Christian, Shia, Sunni and Kurdish leaders also on Monday demanded the release of prisoners and a programme for rebuilding Iraq's armed forces after talks in Cairo aimed at ending conflict between their communities and achieving national reconciliation.

 

At the end of the three-day meeting sponsored by the Cairo-based Arab League, the Iraqi leaders called for the withdrawal of US and British forces from Iraq by immediately setting a timetable for gradually rebuilding Iraq's armed forces.

They condemned attacks on Iraqi civilians, government institutions and oil installations and called for the release of all detainees held without trial.

Arab League Secretary-General Amr Moussa, who set up the meeting, read the final statement at a session delayed by last-minute differences over how to describe the fighting to drive out US troops and overthrow the government.

Nagging differences


Even the final text did not meet unanimous approval. Harith al-Dari of the Association of Muslim Scholars (AMS), the highest Sunni body in Iraq, said he had reservations about last-minute additions.

Sources told Aljazeera's Cairo correspondent Atwar Bahjat that al-Dari wanted the statement to condemn the wrongdoings of the former and current Iraqi governments.

Al-Dari represents a strong anti-American and anti-government line at the conference, arguing that the fighting against the US-led military presence in Iraqi was a legitimate response to US occupation. He accused Iraqi forces of adopting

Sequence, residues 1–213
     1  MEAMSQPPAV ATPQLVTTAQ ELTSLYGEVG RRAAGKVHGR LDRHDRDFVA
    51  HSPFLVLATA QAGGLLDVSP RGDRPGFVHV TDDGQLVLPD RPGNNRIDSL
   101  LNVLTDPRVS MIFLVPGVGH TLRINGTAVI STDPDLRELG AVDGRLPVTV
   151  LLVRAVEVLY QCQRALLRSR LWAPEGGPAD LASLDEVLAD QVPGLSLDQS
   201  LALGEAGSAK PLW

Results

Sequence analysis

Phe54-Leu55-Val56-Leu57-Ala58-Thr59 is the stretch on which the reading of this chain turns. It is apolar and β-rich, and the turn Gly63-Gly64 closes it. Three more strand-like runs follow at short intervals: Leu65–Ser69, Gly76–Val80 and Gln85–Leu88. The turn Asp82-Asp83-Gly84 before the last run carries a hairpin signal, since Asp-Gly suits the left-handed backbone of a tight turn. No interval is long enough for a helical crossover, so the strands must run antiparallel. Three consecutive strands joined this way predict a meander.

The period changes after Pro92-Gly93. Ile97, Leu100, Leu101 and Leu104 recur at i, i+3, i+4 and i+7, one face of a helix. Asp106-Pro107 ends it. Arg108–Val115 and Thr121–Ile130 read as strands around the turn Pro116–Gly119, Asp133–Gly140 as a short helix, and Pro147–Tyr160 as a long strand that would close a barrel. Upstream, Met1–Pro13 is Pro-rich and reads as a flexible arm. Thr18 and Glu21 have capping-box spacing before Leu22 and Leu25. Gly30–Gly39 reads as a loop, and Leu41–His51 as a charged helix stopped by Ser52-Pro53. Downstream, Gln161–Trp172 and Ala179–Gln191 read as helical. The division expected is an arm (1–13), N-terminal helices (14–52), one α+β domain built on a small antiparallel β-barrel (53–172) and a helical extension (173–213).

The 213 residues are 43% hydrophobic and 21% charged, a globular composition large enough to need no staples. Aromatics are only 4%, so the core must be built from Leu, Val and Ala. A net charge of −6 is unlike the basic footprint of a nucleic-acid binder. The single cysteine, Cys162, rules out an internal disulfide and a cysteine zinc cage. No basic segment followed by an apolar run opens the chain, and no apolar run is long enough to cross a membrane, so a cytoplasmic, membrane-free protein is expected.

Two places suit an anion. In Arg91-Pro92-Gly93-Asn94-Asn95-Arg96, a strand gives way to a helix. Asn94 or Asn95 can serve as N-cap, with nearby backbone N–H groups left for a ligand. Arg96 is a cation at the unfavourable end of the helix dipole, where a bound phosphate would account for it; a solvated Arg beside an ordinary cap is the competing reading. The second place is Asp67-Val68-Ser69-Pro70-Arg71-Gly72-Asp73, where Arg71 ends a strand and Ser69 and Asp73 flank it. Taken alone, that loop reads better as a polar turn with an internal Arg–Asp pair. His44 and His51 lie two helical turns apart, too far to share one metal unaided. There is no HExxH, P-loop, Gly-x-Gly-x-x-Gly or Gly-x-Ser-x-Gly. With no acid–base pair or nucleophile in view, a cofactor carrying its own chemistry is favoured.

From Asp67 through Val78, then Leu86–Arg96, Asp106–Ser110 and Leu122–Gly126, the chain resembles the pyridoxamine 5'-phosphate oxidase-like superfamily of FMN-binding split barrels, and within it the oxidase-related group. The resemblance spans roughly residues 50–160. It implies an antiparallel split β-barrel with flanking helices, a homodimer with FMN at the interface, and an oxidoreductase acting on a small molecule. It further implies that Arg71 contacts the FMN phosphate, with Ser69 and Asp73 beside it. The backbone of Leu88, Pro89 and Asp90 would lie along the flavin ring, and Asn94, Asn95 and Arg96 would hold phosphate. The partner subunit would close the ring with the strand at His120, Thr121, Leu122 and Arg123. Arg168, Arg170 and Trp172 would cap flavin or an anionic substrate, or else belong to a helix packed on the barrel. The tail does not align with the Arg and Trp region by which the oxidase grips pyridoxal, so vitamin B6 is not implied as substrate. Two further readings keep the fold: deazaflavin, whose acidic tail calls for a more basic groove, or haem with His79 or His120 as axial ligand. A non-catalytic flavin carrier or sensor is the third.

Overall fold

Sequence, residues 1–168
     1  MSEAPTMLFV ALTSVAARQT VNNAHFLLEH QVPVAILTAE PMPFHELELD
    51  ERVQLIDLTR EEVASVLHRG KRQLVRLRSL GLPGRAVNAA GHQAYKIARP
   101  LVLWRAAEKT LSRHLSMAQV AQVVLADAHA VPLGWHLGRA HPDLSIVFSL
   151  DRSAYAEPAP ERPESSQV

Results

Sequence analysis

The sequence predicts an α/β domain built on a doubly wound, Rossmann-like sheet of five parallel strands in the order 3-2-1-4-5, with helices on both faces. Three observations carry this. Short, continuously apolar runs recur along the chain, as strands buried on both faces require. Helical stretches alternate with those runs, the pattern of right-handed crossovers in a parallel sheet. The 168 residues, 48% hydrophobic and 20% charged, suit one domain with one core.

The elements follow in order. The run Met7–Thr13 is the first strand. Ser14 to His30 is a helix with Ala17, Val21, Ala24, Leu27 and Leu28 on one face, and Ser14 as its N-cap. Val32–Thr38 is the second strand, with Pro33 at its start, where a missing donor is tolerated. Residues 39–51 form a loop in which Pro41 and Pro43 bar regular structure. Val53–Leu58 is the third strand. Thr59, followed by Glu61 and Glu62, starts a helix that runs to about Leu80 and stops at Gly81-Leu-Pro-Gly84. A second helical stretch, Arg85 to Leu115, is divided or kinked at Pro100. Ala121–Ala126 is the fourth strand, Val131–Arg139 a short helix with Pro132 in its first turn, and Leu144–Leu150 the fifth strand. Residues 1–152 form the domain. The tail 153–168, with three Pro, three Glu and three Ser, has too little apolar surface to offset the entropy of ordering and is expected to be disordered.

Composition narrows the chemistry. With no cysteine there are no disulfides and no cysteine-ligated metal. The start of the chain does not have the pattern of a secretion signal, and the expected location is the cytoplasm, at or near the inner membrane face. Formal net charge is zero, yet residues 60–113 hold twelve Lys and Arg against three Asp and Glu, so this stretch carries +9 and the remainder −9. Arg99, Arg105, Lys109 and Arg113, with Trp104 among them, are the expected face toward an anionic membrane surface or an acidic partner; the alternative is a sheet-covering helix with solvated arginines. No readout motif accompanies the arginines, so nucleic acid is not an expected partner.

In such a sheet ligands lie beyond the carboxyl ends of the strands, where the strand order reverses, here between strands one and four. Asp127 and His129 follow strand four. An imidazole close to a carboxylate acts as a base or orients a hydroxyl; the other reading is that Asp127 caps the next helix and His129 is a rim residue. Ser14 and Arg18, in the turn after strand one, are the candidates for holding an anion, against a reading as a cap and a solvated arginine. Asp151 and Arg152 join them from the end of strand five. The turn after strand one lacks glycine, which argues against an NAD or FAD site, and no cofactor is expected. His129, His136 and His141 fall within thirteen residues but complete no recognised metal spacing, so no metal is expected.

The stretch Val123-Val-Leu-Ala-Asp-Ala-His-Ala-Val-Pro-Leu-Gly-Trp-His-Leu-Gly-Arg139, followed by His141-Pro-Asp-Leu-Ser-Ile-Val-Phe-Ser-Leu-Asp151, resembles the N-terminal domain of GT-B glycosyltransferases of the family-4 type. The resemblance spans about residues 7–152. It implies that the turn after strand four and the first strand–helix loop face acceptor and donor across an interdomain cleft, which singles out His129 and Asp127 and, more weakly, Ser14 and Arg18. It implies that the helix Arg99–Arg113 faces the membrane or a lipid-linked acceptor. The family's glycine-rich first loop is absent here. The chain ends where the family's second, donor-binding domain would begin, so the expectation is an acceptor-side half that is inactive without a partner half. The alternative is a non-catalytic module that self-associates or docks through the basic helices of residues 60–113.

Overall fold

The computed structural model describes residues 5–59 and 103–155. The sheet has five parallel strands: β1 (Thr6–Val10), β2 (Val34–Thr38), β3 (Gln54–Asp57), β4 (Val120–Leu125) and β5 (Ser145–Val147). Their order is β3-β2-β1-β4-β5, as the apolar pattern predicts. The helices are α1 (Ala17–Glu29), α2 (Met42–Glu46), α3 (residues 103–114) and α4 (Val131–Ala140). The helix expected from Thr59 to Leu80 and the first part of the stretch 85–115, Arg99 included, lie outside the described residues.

US practices such as torture and mass arrests.

Al-Dari (2nd L) said the AMS
will respect the final statement 

"We have reservations about the final statements and the phrases which were added to it in the last minute. However, we will respect and commit to the final statement's articles," he told reporters.

Moussa succeeded in preparing the first meeting between al-Dari and Iraqi interim Prime Minister Ibrahim al-Jaafari. Details of the meeting remained unrevealed.

Arguable value

Armed anti-US groups did not take part in the Cairo meeting. The Iraqi government refuses to deal with anyone who attacks civilians or whom they suspect of seeking to restore Baathist rule.

The most contentious part of the agreement was its treatment of "resistance" - seen by some Iraqis as a just struggle against invaders, by others as futile fanaticism.

The compromise formula said: "Although resistance is a legitimate right of all peoples, terrorism however does not represent legitimate resistance, so we condemn terrorism and acts of violence, murder and kidnapping."

The Arab League, alarmed that Iraq is sliding towards chaos and civil war, called the politicians to prepare for a broader political meeting in Baghdad next February or March after legislative elections in December.

Fawzi al-Hariri, a Kurdish representative and Iraqi Foreign Ministry official, played down the language on resistance. "The agreement is as it is stated in the UN Charter, which says that every nation has the right to resist," he told Reuters.

"We do not believe there is a resistance because they lack any political ideology or strategy or aim," he said.

"If they exist, then we will be ready and interested to talk to them and hear their grievances, with the exception of the takfiris (religious extremists) who were imported into Iraq and those Baathists who have no other aim than reinstating the former Iraq," he said.

Earlier on Monday, delegates said the dispute over policy towards those fighting US-led forces in Iraq almost brought the conference to collapse.